This is like in The Sims, how your jobs pay more but require more skill as you rank up.

But the scaling isn't linear, and it doesn't makes sense to simply build bigger and bigger stations. Instead, colonization is an impetus.

That crappy T0 medical bay might not be able to get your homeworld above a T1 economy of 10, but it could get fifty asteroid bases up to a T1 economy of 10. Since they all belong to Earth, Earth's local T1 economy might only be 10, but it has a total T1 economy of 510 thanks to 50 asteroid bases. This is like if your Sims houses could share their bank accounts with each other.

"But", you say "that's at least 50 space stations. And if we want more efficiency, we'll have to build hundreds of ever-more-expensive space stations-"

Yeah. Did I mention that The Galactic Line is mostly a space ship game?

Build one expensive space ship, send it to each asteroid in turn, bring their T2 economies up. Or their T1 economies to 50. Whatever you need. And the whole time, the people on the ship have lives and look out the window at the asteroid below and chat with whoever is on the asteroid, talking about how mnamnamumblemna and moomumblemoomum.

Space ships have a lot more capabilities than that, too, because a lot of missions are only available in specific situations. For example, building to T3 economies is really rough. The easiest way to do it is to analyze space wedgies. But space wedgies are temperamental. You might be able to find one or two permanent ones and build colonies nearby, but usually you'll want to send out a well-equipped science ship when a temporary space wedgie pops up. They do the mission, return to a planet for the finale, and that colony gets some T3 economy even though it's nowhere near a space wedgie.

Now, this is the simple version. In practice, there are many things I could do to make things more complex and interesting. But don't you think it's already complex and interesting enough?


Random_Phobosis said...

It's an interesting model for a simulation game, but it could limit viable strategic choices more than traditional tech tree.

Your system assumes production chain not unlike Settlers/Cultures/Anno. You've got wood (T0 pool), which you can use by itself or refine into planks (T1), which can then be converted to tools (T2) and so on. At each point you either spend your resource or convert it to a more advanced resource. The problem with this type of systems is that at any point of the game there's an optimal way to maximize your target resource (say, you want to rush to T3), and finding it is a mathematical, not strategical task.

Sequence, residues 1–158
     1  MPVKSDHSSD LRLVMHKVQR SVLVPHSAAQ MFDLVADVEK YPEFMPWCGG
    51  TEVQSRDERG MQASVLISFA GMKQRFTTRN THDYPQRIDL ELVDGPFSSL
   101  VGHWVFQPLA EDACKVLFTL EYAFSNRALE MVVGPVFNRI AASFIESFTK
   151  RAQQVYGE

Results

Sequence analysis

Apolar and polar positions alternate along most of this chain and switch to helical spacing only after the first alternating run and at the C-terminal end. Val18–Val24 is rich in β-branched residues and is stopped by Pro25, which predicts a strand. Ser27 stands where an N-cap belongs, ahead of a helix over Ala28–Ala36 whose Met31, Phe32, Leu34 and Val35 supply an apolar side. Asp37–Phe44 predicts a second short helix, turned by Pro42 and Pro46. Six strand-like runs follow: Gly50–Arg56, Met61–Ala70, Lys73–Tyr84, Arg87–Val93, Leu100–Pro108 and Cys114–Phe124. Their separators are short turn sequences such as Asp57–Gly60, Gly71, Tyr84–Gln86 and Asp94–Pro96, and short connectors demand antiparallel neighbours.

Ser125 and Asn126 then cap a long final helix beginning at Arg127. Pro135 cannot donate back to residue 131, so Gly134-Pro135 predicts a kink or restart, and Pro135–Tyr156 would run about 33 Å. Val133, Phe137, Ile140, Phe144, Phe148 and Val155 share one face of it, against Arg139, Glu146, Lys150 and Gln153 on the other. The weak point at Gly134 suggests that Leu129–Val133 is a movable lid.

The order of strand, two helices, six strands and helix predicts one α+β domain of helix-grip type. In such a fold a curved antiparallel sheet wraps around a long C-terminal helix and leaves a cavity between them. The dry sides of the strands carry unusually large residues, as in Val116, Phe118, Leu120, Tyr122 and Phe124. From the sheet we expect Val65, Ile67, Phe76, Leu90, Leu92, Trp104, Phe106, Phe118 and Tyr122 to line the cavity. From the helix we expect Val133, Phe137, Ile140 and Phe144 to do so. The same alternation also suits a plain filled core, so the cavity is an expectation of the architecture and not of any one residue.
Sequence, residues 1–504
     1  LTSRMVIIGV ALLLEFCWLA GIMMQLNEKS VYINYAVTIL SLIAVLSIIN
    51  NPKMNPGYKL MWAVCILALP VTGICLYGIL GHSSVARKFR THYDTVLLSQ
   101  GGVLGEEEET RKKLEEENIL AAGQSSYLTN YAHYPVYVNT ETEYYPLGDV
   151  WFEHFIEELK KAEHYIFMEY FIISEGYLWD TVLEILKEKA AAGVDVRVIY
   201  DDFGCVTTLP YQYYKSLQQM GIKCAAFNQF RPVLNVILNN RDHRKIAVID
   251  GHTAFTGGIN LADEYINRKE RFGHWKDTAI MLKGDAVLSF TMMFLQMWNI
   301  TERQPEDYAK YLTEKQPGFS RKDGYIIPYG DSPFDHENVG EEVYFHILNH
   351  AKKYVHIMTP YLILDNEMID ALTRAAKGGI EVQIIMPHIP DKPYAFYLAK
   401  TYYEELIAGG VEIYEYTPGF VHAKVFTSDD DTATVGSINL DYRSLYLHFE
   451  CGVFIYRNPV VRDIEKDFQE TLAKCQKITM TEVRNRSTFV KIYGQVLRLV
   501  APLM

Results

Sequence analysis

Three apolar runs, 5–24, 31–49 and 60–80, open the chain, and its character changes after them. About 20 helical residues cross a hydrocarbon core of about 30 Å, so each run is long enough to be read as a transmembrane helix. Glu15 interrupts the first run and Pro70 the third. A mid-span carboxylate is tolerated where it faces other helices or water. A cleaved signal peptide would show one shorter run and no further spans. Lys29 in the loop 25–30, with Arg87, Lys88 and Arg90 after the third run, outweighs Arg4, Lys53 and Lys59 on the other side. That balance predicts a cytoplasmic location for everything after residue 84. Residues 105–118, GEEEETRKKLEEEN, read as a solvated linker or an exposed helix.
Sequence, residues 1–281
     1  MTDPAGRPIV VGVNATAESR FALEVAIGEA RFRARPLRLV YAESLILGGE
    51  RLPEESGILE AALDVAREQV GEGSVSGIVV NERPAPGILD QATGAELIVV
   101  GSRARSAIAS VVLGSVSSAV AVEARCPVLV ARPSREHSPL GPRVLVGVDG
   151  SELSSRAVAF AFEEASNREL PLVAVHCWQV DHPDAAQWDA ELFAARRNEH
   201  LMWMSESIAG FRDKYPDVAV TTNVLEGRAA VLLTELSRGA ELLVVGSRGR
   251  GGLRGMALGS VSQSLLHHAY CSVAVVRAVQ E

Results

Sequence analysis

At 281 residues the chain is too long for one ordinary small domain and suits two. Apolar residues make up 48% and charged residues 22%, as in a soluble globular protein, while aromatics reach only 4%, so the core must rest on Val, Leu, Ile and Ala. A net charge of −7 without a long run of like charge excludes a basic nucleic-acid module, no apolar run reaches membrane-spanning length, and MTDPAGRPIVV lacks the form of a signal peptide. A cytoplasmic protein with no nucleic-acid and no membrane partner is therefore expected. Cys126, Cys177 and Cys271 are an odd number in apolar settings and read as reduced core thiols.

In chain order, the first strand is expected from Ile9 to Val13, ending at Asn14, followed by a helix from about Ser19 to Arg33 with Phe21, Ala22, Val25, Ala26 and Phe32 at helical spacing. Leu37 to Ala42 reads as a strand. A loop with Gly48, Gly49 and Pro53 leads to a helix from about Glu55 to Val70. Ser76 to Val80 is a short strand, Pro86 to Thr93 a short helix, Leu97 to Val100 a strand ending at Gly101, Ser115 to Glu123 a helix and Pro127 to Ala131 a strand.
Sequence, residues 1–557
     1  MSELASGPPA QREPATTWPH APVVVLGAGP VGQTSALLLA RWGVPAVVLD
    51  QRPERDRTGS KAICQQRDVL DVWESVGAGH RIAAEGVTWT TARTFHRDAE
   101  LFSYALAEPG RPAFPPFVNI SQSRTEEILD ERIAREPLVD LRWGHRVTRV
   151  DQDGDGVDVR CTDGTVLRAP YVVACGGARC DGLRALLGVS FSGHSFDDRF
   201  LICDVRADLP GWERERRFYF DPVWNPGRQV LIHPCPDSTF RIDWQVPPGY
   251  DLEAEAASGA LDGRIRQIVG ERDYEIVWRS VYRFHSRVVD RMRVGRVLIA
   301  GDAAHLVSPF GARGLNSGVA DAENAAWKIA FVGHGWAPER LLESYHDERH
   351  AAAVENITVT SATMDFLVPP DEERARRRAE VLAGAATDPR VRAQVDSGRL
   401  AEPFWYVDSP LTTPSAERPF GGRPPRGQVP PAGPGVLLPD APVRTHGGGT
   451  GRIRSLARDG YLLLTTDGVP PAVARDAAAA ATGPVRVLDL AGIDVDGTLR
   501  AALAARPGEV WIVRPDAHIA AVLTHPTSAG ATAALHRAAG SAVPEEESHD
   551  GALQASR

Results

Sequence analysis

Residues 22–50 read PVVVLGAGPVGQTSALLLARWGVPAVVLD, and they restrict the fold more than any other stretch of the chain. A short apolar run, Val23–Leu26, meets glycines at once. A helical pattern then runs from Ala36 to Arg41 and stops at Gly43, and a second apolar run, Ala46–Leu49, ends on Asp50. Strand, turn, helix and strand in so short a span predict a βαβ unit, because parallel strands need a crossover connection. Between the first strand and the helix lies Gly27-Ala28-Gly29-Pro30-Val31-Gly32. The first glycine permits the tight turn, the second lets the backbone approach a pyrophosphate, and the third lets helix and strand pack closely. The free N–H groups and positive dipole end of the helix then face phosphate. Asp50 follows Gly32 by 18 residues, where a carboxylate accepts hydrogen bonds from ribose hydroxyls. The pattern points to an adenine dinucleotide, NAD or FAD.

The cool thing about non-linear tech systems is that you can try out different builds each game, and not only experiment with crazy alternate-history stuff, but push for interesting strategic choices like skipping some crucial aspects of civilization development to rush for other advanced stuff more quickly, which produce strange illiterate diesel-punk-ish tribal society which can build planes and nukes.

In space civ games, where tech trees are less linear, techs have an additional function, strong techs are the ultimate abilities which the civs are differentiated by and which mold the civ into particular role. There's a civ which can build huge death stars, it's perceived as the most warlike and it has no reason not to be. The civ with powerful terraforming techs can expand everywhere - and it will. Different levels of techs can be considered to be ultimate and game-defining at each moment, so it's kind of king of the technology hill, but the current king is nevertheless defined by his superiority in a particular field, and the state of the game is defined by the set of current kings.

I suppose the specialization in your system is done not by discovering, but by building different Tech-pool -> Game stuff converters (so I can build factory that converts T1 to warships or a factory that converts T1 to miners). But if it's reasonably cheap to build both of them, there will be linear development path for every game. And if they are expensive enough to be mutually exclusive... then we've just inverted traditional system, where technology is an economic resource and economic buildings are in fact technology-type enablers! omg :D

Craig Perko said...

No, it's not linear, although the general trend would be to do them in order. I illustrated with a crisp order, but it's quite possible to have a smattering of random economic levels, especially since you can specify them in the game settings.

Tech trees fundamentally don't make sense in this game, because you're not managing an empire. You're managing a crew.